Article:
Teachers are role models. They spend so much time with the young people that they teach, which makes it only natural that they’ll inspire at least one person. It’s for this reason that we are encouraged – by our initial teacher training providers and our future permanent placements – to consistently model good behaviour.
I’d say that, for the majority, that’s the easy part. Teachers don’t swear in front of children. We shouldn’t raise our voices. We should treat others with respect and kindness. Lots of this comes part in parcel with just generally being a good person. Modelling good behaviour is easy.
Modelling the techniques needed for good exam skills and content acquisition is a whole other kettle of fish.
Chris Runeckles has written an excellent text – Making Every History Lesson Count* – which is invaluable reading for all, historian or otherwise. He wrote of six guiding principles in the classroom for good pedagogy, in which he discusses challenge, explanation, practice, questioning, feedback and modelling.
Today, I’ll be recounting my key takeaways from his chapter on modelling, as well as strategies that you could use tomorrow which could make a heck of a difference.
Have you ever read those recipes on Pinterest that recount a life story before getting to the meat of the recipe? And when they do get there, the formatting is all over the place: there are no numbers, no simple steps that tell you exactly what to do; it’s very easy to get very lost.
This is cognitive overload. It’s where our limited working memory has been overloaded with information, and we can’t cope. That apple crumble you were so eager to create has turned into a mess because you weren’t crystal clear on exactly what ingredients to include. It happens in our lives and also in the classroom.
Runeckles isn’t the only one who agrees with me: Rosenshine, whose text I have already broken down, talks of the importance of breaking down difficult tasks into smaller chunks. He advocates for highly focused opportunities for practicing each new section of learning, and then repeating the cycle.
Modelling each stage
To aid with chunking information in the modelling stage of learning, teachers could aim to model each section by itself and check for mastery at every stage. Only then should we model to students a complete answer. If you rely solely on the latter, that goal will feel much harder to achieve. A really good strategy at this point in time is to show students pre-written answers – even better if they’re from past students whose responses you have included in your ‘portfolio of excellence’. This will show them that, if someone else in this class or in Mr Hamilton’s previous classes could do it, then they can too. Bonus: it reduces that ever-burdensome cognitive load, helping them to work more effectively. Ask the class to keep tweaking this base until it’s perfect.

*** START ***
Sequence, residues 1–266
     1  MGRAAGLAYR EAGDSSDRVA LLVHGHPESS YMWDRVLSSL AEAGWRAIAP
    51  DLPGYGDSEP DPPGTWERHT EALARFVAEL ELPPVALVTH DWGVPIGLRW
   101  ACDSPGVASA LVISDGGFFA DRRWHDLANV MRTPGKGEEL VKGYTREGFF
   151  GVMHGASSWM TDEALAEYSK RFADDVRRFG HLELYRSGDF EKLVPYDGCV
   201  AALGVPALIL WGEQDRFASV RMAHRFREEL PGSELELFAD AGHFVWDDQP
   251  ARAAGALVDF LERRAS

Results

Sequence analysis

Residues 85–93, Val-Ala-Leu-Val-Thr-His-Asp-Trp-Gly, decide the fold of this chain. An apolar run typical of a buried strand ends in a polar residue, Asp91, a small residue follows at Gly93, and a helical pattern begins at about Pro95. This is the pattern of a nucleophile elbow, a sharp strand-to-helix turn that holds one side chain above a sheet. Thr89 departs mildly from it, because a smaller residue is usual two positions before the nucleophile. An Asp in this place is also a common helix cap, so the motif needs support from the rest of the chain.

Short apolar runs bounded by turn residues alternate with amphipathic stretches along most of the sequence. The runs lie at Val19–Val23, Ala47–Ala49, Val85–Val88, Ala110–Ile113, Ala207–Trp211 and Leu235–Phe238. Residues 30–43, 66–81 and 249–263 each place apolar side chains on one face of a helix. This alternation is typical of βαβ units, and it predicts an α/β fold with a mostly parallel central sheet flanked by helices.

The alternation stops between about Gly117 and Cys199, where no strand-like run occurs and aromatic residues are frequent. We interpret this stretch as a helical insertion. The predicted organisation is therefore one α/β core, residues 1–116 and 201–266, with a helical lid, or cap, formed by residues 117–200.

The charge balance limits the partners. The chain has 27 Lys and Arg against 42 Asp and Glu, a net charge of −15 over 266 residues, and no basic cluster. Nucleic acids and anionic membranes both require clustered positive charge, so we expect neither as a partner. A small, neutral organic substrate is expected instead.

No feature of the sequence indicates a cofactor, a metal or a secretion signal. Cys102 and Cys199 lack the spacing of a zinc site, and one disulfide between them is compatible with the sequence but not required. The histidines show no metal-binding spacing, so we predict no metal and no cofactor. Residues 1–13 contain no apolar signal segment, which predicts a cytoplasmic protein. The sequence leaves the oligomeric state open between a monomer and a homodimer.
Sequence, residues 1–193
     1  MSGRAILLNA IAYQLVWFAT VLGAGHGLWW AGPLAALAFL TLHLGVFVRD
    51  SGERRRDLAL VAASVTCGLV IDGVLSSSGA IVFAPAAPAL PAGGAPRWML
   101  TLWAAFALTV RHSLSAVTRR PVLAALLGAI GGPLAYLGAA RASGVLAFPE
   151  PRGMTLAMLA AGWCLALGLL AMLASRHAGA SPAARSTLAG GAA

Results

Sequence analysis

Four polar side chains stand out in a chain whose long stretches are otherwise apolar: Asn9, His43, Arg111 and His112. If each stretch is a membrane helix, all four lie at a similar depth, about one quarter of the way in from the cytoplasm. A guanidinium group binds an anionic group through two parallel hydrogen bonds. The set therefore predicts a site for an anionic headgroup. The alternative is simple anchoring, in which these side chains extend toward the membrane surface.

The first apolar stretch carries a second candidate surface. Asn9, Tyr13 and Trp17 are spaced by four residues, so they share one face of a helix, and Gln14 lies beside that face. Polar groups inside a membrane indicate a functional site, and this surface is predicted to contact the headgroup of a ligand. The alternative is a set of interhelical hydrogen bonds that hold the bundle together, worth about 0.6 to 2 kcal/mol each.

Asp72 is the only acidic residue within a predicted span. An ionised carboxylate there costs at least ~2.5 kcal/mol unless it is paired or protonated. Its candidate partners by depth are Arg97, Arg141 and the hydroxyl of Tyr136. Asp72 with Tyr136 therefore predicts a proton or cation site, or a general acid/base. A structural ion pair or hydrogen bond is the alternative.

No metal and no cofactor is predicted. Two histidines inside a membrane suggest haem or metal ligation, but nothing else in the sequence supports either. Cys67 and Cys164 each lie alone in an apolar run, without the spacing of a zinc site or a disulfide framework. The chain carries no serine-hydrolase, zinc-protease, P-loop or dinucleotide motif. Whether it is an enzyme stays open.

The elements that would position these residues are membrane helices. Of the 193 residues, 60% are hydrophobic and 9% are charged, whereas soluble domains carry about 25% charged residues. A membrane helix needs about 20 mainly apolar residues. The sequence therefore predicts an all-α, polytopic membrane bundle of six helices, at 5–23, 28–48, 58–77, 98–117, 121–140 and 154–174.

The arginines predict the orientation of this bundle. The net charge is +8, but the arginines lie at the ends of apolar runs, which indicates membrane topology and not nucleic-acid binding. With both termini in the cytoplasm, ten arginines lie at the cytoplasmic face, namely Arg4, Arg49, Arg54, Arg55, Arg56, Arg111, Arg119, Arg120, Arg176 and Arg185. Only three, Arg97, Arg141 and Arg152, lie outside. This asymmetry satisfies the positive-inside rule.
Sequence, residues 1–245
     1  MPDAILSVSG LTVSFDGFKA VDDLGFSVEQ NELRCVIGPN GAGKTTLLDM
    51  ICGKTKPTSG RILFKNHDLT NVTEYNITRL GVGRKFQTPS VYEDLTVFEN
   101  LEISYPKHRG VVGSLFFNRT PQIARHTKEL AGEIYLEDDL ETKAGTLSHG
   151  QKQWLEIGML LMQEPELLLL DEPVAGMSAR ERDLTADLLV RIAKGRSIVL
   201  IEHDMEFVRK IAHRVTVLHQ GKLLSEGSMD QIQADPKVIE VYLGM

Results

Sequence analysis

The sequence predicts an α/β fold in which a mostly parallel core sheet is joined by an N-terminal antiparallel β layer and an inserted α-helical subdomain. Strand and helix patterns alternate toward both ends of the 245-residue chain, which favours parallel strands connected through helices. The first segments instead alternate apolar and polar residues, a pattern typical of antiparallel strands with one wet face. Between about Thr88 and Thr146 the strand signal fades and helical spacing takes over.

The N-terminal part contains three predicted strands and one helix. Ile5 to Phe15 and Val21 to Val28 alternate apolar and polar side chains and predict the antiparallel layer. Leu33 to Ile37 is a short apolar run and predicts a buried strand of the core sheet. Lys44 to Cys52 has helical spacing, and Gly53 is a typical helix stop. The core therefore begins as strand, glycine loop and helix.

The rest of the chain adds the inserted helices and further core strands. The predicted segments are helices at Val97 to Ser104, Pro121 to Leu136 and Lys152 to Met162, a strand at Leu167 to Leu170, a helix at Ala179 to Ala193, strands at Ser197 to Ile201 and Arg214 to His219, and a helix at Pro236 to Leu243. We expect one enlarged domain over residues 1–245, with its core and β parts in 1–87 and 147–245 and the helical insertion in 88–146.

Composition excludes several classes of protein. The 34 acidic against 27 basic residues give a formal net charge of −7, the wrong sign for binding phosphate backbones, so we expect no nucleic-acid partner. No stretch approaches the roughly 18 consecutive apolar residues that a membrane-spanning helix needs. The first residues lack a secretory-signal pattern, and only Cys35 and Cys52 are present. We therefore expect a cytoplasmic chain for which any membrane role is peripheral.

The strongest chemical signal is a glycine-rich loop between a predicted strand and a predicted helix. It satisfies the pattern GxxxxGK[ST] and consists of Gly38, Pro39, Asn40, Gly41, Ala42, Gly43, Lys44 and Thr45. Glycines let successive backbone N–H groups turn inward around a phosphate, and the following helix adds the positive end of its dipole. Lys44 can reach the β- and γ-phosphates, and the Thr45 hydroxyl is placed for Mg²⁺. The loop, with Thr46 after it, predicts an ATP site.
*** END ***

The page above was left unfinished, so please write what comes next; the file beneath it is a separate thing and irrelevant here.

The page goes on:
If you are writing answers, though, it’s much more effective to handwrite this, rather than type it out onto a word doc. This may be because the majority of students will be handwriting in the exam, so find it easier to translate your teachings into their books if it’s closer to what they’ll be doing, too. Personally, I hate writing extended answers on the whiteboard because it means turning away from the class (risky with the naughtier ones!), whiteboard pens always run out on me, and there’s only so much room.
I much prefer using my iPad to blast Google Jamboard onto the projector. This gives me unlimited handwriting room and means that I never have to turn my back on the kids again.
Share the load
Sure, you’re being paid to teach, but that doesn’t mean that you should be doing all the work. If teachers are doing the thinking and the doing, then what are the learners doing? Probably falling asleep, because they’re not engaged.
Once you’re happy with how students have performed at each stage of your modelling, it’s time to remove the scaffolds: ask them ‘what’s the first thing that I should look at?’ if you’re investigating sources or interpretations. Question them throughout the process of writing a model answer, too. Runeckles advises against this the first time, due to cognitive load (our greatest enemy, it seems), but in the later stages, this is great for keeping them switched on, ensuring that they’re copying down what needs to be in their books, and avoids you having to do all of the thinking.
Here are the type of questions you could ask them throughout:
- What words should I include here?
- From where am I getting my evidence?
- How could I make this part more precise?
- Which part of the source may be useful to include here?
- How do I focus back on the question now?
- Which key word should I include, again?
- How do I connect these ideas?
- What could I include in the next sentence to fully explain myself?
There was heaps of extra detail I could have included here. If you’re interested in a part two, please do let me know! In the meantime, sound off in the comments any strategies you’ll be trying out in your classroom, and keep your eyes on the blog for my key takeaways from the rest of his book – coming soon.
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